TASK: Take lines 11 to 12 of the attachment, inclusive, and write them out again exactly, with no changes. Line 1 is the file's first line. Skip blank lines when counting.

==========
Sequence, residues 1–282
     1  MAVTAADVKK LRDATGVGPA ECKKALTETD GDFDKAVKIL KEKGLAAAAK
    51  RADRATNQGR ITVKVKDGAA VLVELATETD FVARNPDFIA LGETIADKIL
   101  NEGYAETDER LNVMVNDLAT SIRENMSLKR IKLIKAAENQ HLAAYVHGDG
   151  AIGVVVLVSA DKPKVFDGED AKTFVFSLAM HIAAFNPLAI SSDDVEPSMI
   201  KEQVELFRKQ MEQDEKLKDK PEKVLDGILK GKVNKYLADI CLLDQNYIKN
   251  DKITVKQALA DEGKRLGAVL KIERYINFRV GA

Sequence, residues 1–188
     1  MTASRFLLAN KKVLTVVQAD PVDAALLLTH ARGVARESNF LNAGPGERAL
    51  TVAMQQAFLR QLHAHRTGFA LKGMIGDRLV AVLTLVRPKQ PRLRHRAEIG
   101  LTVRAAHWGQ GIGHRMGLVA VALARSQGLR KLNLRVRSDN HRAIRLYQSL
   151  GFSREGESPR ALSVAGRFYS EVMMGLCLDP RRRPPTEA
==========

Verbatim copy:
   101  LTVRAAHWGQ GIGHRMGLVA VALARSQGLR KLNLRVRSDN HRAIRLYQSL
   151  GFSREGESPR ALSVAGRFYS EVMMGLCLDP RRRPPTEA